JWAM: (Quit Smoking): http://www.SwedesDock.com/smoking
                    LDN - A Miracle Drug: http://www.SwedesDock.com/LDN/

                    Comment


                    • #30
                      David,
                      Methinks Paul had done some tinkering
                      I deny it!
                      I aimed to have the access time and CPU time to be comparable, both a few millisecinds, but I didn't specifically tweak it for maximum performance.


                      The codes listed so far are not closing the file nor the thread and f& is not defined in the thread.
                      Files are closed when the program ends but it should have been closed explicitly as it's good proctice.
                      I noticed the file number wasn't defined in the thread! I've fixed it now but haven't looked into why it worked.

                      I used READFILE without buffering. That would defeat Paul's code
                      Not any more. Originally I only intended to show that prefetching the data into the cache would speed things up. I always knew it wasn't efficient as the data is then fetched a second time when it's used. It'd be much better to just fetch it once in advance as I do in the version I just posted.
                      Since it doesn't rely on the filesystem cache anymore, it might work in your program.

                      I do realise that, as posted, the last version is a little wasteful of memory as it fetches everything and stores it in an array. I did this to keep it simple so as not to hide the main principle that I'm trying to demonstrate which is that by using threads significant gains in speed can be achieved.
                      In practice, a real program would probably used a circular buffer of size equal to the number of items to be prefetched so the same small buffer will be reused throughout.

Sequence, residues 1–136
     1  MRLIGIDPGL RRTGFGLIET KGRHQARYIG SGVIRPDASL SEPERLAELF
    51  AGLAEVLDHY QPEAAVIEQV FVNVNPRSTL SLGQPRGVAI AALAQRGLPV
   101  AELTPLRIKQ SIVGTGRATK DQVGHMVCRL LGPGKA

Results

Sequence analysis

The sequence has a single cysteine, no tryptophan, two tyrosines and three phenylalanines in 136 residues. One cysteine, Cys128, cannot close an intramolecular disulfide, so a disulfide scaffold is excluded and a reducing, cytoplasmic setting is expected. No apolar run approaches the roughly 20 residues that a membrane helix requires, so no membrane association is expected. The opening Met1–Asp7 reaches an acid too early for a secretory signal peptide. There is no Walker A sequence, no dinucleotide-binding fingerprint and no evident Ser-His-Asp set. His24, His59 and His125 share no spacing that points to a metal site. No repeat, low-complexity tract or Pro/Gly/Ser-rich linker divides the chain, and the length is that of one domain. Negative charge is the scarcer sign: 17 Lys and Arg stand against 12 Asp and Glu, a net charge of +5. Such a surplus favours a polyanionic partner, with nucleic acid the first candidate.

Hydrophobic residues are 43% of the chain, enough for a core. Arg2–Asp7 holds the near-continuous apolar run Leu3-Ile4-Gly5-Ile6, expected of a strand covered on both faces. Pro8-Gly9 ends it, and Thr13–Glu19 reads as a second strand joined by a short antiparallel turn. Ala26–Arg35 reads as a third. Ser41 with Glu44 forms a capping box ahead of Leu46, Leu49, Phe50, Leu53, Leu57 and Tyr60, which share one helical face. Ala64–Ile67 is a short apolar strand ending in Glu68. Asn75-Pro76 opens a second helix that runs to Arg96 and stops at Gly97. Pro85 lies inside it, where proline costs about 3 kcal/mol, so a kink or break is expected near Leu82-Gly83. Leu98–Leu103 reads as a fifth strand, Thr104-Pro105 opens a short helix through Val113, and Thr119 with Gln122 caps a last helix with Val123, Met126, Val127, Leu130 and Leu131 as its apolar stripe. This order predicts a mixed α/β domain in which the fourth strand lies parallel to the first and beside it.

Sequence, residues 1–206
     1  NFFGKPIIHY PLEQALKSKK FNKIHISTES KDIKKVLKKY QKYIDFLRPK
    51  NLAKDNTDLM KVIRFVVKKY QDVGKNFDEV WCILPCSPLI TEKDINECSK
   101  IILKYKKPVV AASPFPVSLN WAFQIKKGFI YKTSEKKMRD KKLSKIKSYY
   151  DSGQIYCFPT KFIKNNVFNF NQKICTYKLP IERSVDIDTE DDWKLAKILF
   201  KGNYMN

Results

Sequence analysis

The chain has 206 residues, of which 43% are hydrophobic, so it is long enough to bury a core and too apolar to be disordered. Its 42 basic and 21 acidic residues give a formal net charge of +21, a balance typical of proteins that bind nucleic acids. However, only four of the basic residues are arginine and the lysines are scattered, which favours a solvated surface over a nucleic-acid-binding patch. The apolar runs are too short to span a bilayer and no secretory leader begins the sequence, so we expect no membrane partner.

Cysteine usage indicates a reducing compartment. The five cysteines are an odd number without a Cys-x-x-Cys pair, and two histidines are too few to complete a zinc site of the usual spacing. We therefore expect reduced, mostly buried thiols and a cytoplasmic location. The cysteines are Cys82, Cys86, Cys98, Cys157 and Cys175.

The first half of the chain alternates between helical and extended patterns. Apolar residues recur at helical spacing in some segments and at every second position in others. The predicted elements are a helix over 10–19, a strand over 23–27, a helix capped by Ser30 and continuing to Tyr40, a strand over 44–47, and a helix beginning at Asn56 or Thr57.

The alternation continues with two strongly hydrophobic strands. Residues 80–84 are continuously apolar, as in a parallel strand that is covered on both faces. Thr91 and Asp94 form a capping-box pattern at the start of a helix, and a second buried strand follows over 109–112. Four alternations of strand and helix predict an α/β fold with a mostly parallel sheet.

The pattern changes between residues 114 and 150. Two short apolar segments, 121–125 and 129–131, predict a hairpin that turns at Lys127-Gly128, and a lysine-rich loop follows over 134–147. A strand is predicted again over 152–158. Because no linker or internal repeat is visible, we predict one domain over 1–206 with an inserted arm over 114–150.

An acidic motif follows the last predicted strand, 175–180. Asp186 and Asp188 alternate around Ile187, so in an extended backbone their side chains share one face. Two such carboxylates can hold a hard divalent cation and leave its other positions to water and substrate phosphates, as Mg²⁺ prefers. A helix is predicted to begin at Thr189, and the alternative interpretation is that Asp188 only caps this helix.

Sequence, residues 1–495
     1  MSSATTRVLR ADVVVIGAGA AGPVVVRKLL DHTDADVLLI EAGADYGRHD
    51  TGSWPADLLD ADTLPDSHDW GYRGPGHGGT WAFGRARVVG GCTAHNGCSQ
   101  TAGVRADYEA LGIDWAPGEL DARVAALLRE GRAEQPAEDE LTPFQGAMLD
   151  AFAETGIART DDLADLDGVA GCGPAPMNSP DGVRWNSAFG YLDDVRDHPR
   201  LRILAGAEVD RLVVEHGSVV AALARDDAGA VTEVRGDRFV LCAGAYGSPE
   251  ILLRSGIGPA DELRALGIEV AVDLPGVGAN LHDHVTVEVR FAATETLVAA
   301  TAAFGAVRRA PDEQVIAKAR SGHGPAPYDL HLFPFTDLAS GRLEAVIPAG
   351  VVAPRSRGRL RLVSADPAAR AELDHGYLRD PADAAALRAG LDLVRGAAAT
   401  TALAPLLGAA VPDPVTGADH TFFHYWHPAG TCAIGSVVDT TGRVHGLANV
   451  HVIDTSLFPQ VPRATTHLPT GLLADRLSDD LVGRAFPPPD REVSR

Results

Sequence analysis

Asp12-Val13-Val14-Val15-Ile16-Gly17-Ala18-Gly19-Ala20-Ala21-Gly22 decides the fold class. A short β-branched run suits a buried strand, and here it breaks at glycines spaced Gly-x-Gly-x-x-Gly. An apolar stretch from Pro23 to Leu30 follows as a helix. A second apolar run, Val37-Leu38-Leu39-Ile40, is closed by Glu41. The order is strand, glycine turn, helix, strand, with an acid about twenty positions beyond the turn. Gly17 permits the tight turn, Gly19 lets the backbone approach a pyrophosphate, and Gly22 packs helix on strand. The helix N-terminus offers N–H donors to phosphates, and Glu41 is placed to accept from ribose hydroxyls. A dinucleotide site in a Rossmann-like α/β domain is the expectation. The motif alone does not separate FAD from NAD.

Paul.
                      Last edited by Paul Dixon; 21 Oct 2007, 10:17 AM.

                      Comment


                      • #31
                        >Non-Threaded time=8.299
                        >Threaded time=8.414

                        Call me naive, but I would score that a wash, meaning: The use of multiple threads of execution in this application should not be viewed as a performance enhancer; any use of mutliple TOEs in this application should be done for other reasons.

                        Might this be a good application for asynchronous (overlapped) I-O?

                        Starter demo here: Asynchronous (Overlapped) I-O Demo
                        Michael Mattias
                        Tal Systems Inc. (retired)
                        Racine WI USA
                        [email protected]
                        http://www.talsystems.com

                        Comment


                        • #32
                          Michael,
                          you're naive. The original code was developed in PBCC and works well in PBCC gaining anything from 25%-40%. That's a significant gain.

                          You chose to quote the results from someone who ran it in PBWin for which the code was not written.

                          The latest version now works in both PBWin and PBCC and gains upto 50%. Twice as fast is not "a wash".

                          Paul.

                          Comment


                          • #33
                            Gösta,
                            With PBWin8 I get 20.837s cached and 12.114s non-cached, 42% faster.
                            With PBCC4 I get 23.182s cached and 11.485s non-cached, 50% faster.

                            With 4GB RAM you may have the whole file cached for both runs so you need to make sure that it isn't cached.
                            Does the test file exist on your hard disk before you run the test? If not, you need to create it first.

                            Does the hard drive light flash continuously during the test? It should do.
                            If it doesn't then try making the testfile 5GB instead of 1GB as the 1GB was chosen to make sure it was larger than my 512MB RAM to guarantee it isn't still in cache when the test begins.


                            Also, the test only works well on hard disks. Solid state disks and USB memory drives show a much smaller improvement. On my PC with a USB memory I get a consistent 10% improvement.

                            Paul.

                            Comment


                            • #34
                              Threads can be great in some apps

                              If you want to see a huge increase in speed, use them in an application that is waiting on outside responses.